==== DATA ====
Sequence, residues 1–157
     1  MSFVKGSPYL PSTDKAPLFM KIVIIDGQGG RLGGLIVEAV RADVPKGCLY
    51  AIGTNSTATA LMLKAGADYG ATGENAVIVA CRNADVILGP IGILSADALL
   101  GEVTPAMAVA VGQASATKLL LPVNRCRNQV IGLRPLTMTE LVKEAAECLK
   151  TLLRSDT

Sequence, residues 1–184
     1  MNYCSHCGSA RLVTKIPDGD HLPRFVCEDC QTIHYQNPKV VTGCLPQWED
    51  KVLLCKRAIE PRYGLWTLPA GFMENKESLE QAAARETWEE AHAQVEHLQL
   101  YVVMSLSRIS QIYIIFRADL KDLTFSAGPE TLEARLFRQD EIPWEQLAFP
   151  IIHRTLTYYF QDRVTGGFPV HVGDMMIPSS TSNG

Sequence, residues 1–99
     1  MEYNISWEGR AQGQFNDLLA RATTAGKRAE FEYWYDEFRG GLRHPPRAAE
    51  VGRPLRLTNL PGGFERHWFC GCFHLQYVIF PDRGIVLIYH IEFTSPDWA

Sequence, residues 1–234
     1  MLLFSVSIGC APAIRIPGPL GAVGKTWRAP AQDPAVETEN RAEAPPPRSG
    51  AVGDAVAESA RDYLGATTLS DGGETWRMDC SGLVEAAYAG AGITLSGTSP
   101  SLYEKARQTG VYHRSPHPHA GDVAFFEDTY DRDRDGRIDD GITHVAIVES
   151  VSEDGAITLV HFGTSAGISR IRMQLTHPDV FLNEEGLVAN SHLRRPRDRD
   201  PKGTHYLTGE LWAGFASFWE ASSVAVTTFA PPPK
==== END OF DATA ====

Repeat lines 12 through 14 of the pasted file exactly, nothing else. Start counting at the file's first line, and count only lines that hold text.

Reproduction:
     1  MEYNISWEGR AQGQFNDLLA RATTAGKRAE FEYWYDEFRG GLRHPPRAAE
    51  VGRPLRLTNL PGGFERHWFC GCFHLQYVIF PDRGIVLIYH IEFTSPDWA

Sequence, residues 1–234